Copyright © 2016 American Chemical Society
 

August 8, 2016 Issue

Volume 94, Issue 32
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August 8, 2016 Issue, Vol. 94 | Iss. 32
With the ability to probe a wide range of materials, researchers, from paleontologists to catalyst chemists, flock to these powerful light sources
By Mitch Jacoby
(pp. 28-33)
Features
Government & Policy
EPA looks to incorporate metabolism into high throughput chemical screening (pp. 16-19)
Science & Technology
Officials can now check for long-ago anabolic steroid use, with gene doping tests on the horizon (pp. 25-26)
Back Issues
 

News of the Week

China tops 48th International Chemistry Olympiad

U.S. earns a gold, two silvers, and a bronze medal at the annual high school chemistry competition
(p.5)

Natural product helps obese mice lose weight

Molecule increases sensitivity to hormone that regulates hunger and energy metabolism
(p.6)

New battery packs more storage capacity than standard Li-ion devices

Advance lies in electrode material made of lithium oxides in a cobalt oxide matrix
(p.6)

Chemistry Nobel Laureate Ahmed Zewail dies at age 70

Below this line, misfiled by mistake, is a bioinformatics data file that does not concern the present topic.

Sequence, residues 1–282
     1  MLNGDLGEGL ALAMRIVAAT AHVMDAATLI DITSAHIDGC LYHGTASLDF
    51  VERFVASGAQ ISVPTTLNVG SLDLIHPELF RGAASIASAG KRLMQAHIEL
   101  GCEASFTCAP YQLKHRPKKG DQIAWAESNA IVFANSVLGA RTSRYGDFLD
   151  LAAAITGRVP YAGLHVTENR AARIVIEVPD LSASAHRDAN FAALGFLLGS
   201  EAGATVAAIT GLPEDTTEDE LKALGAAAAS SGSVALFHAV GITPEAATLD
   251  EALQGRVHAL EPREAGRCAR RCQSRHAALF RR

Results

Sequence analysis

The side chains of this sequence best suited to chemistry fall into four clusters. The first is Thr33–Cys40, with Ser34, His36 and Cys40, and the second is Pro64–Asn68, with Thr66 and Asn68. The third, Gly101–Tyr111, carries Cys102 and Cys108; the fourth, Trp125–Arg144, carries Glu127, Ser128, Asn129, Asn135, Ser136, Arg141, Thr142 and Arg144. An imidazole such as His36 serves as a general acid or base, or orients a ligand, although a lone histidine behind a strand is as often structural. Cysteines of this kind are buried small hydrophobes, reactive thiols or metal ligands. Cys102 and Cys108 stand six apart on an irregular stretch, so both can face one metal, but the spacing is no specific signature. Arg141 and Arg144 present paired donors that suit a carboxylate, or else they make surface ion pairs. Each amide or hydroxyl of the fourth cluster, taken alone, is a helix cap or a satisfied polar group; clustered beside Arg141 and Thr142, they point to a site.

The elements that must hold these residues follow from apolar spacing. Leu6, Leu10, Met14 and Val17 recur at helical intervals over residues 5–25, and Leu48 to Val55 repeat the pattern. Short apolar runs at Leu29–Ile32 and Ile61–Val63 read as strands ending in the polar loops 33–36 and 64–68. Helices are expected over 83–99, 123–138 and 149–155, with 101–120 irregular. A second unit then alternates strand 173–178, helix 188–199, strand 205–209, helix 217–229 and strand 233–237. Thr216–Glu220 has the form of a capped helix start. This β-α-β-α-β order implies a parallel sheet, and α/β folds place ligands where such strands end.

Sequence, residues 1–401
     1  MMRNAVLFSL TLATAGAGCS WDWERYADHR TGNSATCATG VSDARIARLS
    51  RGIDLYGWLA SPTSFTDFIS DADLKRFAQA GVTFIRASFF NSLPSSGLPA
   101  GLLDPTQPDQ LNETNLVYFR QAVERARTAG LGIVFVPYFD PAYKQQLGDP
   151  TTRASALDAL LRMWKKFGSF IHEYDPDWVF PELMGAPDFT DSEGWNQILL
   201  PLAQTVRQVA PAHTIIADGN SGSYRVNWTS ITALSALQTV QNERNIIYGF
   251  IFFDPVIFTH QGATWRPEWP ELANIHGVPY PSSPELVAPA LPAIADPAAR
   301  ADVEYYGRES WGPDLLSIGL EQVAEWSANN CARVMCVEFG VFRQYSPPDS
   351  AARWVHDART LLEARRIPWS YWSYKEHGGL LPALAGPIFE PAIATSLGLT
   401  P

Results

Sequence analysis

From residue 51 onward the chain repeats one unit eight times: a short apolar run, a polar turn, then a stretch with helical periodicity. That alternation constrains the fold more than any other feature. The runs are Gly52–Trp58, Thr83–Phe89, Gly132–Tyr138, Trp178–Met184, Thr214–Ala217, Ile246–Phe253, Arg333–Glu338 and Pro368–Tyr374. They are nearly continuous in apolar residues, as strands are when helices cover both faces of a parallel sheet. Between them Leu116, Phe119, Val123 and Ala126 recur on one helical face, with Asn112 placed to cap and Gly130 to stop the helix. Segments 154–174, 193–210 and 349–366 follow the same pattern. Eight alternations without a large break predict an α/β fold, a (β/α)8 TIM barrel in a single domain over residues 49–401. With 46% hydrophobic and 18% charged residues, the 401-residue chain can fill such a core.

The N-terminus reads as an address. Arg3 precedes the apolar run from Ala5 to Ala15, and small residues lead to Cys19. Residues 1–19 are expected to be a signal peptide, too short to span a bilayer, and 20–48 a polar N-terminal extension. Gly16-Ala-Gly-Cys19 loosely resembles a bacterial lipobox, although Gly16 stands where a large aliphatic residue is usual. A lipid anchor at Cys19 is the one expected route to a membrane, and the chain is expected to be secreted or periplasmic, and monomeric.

Caltech chemist will be remembered for pioneering the field of femtochemistry and for promoting science education internationally
(p.7)

Iron catalysts diversify amino acids and peptides

New method mimics peptide-synthesis enzyme complexes found in microorganisms
(p.7)

Deals flourish in sulfur chemicals

Veolia and Ineos to boost presence in industry with acquisitions
(p.10)

GSK and Verily launch Galvani Bioelectronics

Drug giant and tech firm form a company to create therapies that use implantable devices
(p.10)

Pfizer acquires Bamboo Therapeutics

Deal brings gene therapy technology and key manufacturing capabilities
(p.11)

Rio Olympics teams with Dow to leave a low-carbon legacy

New materials and upgraded manufacturing to help Brazil reach its 2025 greenhouse gas goal
(p.11)

Refinery fostered weak safety, Chemical Safety Board says

Report probes sulfuric acid accidents that injured workers
(p.14)

Unapproved, genetically modified wheat disrupts U.S. trade

Japan, S. Korea halt U.S. wheat shipments following discovery of engineered wheat growing in Washington state
(p.14)
 

Departments

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Science & Technology

Chemical educator and Compound Interest blogger Andy Brunning untangles the complicated web of sports doping intrigue leading up to the Rio Olympics
(p.27)
With the ability to probe a wide range of materials, researchers, from paleontologists to catalyst chemists, flock to these powerful light sources
(pp. 28-33)
Officials can now check for long-ago anabolic steroid use, with gene doping tests on the horizon
(pp. 25-26)
El profesor de Química y bloguero de Compound Interest Andy Brunning desentrama la complicada red de intriga del dopaje deportivo que precede a los Juegos Olímpicos de Río.
(p.27)
El avance está en el material del electrodo, hecho de óxidos de litio en una matriz de óxido de cobalto.
(p.6)

Editor's Page